Slovenia is heading toward a severe banking crisis and a deep recession despite recent reforms, according to the latest economic survey of the country by the Organisation for Economic Co-operation and Development (OECD).
"Slovenia has been hit hard by a boom-bust cycle, compounded by reform backlogs and the euro area sovereign debt crisis," the OECD said in a report on Tuesday, adding that the government's attempts to reform the banking sector and reduce the country's debt pile were "weighing on growth."
"The reduction of public and private sector indebtedness is significantly weighing on growth amid tight financial conditions, growing unemployment and stalling export performance," the OECD said.
"Although important reforms have been adopted in 2012 and early 2013, additional and far-reaching reforms are needed as soon as possible to restore confidence and head off the risks of a prolonged downturn and constrained access to financial markets," it continued.
Slovenia, which has so far said it does not need a bailout, could soon face a funding crisis. The country must issue a bond by June 6 to meet its financial obligations, former Prime Minister Janez Jansa said in March. Analysts expect the country's finance ministry to issue a bond of at least one billion euros in the coming months because of outstanding debts that are due for repayment in 2013 ,which are estimated to total at least two billion euros.
Slovenia suffered a similar property crash to that in Spain and its mostly state-owned banks hold around 7 billion euros of bad loans, equal to about 20 percent of gross domestic product (GDP).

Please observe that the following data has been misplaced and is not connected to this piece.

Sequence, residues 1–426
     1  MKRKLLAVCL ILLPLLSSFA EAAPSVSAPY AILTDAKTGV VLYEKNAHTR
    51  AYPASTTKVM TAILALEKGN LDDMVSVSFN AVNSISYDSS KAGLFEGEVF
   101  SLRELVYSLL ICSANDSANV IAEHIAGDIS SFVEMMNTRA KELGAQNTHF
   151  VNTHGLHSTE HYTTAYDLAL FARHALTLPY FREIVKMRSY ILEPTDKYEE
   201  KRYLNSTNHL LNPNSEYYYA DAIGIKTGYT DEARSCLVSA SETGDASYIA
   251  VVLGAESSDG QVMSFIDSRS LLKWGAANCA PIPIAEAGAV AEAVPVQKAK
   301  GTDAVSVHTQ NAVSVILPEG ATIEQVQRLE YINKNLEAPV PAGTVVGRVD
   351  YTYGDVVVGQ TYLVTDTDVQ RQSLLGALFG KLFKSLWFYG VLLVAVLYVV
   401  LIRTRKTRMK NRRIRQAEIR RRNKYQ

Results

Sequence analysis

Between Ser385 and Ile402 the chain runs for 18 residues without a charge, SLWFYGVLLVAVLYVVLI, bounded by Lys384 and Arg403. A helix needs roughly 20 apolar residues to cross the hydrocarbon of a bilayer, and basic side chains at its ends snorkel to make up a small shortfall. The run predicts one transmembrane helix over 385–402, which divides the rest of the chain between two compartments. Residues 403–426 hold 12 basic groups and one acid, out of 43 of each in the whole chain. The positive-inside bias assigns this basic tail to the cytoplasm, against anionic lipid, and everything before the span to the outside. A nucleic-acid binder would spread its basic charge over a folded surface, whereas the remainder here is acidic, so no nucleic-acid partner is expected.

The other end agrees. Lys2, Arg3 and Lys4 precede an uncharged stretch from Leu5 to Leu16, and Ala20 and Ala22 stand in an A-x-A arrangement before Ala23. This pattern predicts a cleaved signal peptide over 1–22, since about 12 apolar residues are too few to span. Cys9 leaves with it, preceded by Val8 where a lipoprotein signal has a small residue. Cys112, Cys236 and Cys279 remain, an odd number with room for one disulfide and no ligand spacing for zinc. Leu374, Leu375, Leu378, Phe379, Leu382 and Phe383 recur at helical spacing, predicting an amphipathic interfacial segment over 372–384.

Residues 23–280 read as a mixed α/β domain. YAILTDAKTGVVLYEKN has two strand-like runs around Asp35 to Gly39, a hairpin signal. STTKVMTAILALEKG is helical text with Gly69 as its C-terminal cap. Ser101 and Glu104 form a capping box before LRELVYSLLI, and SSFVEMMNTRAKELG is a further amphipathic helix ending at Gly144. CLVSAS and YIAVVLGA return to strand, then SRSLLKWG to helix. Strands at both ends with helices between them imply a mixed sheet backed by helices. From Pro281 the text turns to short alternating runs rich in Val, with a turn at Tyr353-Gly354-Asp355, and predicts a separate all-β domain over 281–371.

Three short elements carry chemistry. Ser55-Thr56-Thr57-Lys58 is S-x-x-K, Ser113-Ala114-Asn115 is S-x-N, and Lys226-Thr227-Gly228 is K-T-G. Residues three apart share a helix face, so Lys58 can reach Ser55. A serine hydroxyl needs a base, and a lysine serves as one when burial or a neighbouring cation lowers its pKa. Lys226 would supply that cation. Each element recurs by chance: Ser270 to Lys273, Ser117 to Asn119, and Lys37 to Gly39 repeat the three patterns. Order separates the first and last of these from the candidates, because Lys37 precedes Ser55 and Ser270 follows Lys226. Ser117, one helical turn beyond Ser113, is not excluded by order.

Jansa's government was replaced in March by a center-left cabinet led by Prime Minister Alenka Bratusek, which said it would continue the previous government's reform measures, including restructuring the country's beleaguered banking sector.
Despite the pledge to continue reforms, the OECD said the country faces a "severe banking crisis," "driven by excessive risk taking, weak corporate governance of state-owned banks and insufficiently effective supervision tools."
Though it welcomed the creation of a "bad bank" for impaired assets and the recapitalization of state-owned banks, the OECD warned that "the lack of transparency and potential political interference pose risks."
Economists have told CNBC that Slovenia could be the next possible recipient of a European bailout, although its debt pile is much smaller than Cyprus or Italy's, totaling 53.8 percent of gross domestic product (GDP) in 2012.
The OECD commended Slovenia for having embarked upon an "ambitious fiscal consolidation path" but warned that a deeper restructuring of welfare spending, a move that has caused widespread protests elsewhere in Europe, is needed to stabilize public debt and achieve fiscal sustainability.